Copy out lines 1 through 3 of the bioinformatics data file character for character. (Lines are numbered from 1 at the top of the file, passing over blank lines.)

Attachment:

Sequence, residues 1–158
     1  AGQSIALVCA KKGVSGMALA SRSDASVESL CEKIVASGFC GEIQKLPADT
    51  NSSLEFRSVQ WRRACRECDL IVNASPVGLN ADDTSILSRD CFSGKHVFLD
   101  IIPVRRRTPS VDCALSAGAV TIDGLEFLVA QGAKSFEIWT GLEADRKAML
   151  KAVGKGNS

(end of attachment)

Sequence, residues 1–158
     1  AGQSIALVCA KKGVSGMALA SRSDASVESL CEKIVASGFC GEIQKLPADT
    51  NSSLEFRSVQ WRRACRECDL IVNASPVGLN ADDTSILSRD CFSGKHVFLD